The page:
If, based on available information, it is possible that customers will make claims under warranties relating to goods or services that have been sold, the condition in paragraph 8(a) [see below] is met at the date of an enterprise’s financial statements because it is probable that a liability has been incurred. Satisfaction of the condition in paragraph 8(b) [see below] will normally depend on the experience of an enterprise or other information. In the case of an enterprise that has no experience of its own, reference to the experience of other enterprises in the same business may be appropriate. Inability to make a reasonable estimate of the amount of a warranty obligation at the time of sale because of signi?cant uncertainty about possible claims [i.e., failure to satisfy the condition in paragraph 8(b)] precludes accrual and, if the range of possible loss is wide, may raise a question about whether a sale should be recorded prior to expiration of the warranty period or until sufficient experience has been gained to permit a reasonable estimate of the obligation.

Paragraph 8 states:

An estimated loss from a loss contingency … shall be accrued by a charge to income if both of the following conditions are met:

  • Information available prior to issuance of the financial statements indicates that it is probable that an asset had been impaired or a liability had been incurred at the date of the ?nancial statements.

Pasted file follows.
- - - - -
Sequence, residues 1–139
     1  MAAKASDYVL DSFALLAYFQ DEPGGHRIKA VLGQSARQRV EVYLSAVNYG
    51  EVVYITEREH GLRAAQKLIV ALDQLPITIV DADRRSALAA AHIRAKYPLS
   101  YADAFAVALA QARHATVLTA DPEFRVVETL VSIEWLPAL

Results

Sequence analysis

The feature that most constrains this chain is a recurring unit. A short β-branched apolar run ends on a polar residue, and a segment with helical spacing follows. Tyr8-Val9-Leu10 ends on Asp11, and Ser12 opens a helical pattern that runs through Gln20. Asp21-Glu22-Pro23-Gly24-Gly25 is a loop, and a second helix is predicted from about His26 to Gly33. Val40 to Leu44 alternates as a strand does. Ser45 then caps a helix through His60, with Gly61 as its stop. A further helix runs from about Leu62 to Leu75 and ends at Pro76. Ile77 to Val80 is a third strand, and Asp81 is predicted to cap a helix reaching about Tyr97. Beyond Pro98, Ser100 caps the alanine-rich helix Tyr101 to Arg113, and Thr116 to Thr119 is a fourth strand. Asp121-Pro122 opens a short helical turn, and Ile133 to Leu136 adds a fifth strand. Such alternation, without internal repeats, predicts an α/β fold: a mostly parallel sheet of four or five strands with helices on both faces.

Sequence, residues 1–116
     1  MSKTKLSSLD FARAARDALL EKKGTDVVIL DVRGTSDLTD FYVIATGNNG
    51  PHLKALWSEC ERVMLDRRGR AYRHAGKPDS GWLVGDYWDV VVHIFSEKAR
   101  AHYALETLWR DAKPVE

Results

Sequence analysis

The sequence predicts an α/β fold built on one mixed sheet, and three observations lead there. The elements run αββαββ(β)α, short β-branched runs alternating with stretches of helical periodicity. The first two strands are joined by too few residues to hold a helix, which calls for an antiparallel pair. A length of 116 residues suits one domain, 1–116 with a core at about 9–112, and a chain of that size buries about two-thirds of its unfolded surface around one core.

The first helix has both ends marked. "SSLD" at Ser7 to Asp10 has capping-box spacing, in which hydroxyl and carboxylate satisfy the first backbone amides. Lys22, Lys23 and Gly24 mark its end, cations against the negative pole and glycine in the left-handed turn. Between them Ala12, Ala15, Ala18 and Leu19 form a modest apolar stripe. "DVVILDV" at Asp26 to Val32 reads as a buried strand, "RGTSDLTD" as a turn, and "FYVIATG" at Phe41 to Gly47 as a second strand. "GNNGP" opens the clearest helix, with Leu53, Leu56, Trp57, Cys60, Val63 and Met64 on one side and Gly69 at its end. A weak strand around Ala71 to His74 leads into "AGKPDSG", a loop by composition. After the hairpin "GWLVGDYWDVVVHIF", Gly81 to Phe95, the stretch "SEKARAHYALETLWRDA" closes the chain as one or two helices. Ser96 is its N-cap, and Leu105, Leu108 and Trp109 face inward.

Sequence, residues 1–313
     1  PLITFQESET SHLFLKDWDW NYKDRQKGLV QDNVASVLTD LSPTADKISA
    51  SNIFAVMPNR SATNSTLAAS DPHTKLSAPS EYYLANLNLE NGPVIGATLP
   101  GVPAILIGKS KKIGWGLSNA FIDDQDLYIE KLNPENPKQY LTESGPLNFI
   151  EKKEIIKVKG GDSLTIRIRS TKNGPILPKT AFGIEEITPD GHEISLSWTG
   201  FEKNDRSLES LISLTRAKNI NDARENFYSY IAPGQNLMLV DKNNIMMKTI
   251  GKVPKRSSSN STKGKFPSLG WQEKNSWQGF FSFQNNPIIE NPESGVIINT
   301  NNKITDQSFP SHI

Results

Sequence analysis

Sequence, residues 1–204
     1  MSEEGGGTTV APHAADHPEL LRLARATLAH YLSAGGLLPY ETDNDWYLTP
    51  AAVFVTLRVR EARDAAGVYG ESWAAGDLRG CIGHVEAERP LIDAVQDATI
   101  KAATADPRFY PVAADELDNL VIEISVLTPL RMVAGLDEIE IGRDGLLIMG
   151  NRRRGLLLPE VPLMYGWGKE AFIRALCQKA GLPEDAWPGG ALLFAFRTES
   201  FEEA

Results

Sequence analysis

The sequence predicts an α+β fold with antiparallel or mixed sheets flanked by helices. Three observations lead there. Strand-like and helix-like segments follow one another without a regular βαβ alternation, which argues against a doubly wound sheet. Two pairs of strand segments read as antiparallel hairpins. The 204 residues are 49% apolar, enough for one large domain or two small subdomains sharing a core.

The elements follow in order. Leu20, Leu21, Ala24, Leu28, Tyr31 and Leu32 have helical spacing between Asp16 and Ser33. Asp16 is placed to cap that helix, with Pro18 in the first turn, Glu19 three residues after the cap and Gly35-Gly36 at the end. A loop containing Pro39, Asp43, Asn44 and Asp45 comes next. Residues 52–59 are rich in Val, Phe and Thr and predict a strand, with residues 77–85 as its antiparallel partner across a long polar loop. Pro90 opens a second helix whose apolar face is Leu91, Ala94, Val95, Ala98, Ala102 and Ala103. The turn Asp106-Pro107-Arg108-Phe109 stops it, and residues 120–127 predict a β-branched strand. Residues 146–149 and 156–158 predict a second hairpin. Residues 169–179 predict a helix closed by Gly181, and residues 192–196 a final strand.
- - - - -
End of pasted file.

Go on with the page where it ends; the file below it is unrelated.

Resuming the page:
• The amount of the loss can be reasonably estimated.


Obligations Related To Product Defects

SFAS No. 5 (par. 26) states:

Obligations other than warranties may arise with respect to products or services that have been sold, for example, claims resulting from injury or damage caused by product defects. If it is probable that claims will arise with respect to products or services that have been sold, accrual for losses may be appropriate. The condition in paragraph 8(a) [see above] would be met, for instance, with respect to a drug product or toys that have been sold if a health or safety hazard related to those products is discovered and as a result it is considered probable that liabilities have been incurred. The condition in paragraph 8(b) [see above] would be met if experience or other in-formation enables the enterprise to make a reasonable estimate of the loss with respect to the drug product or the toys.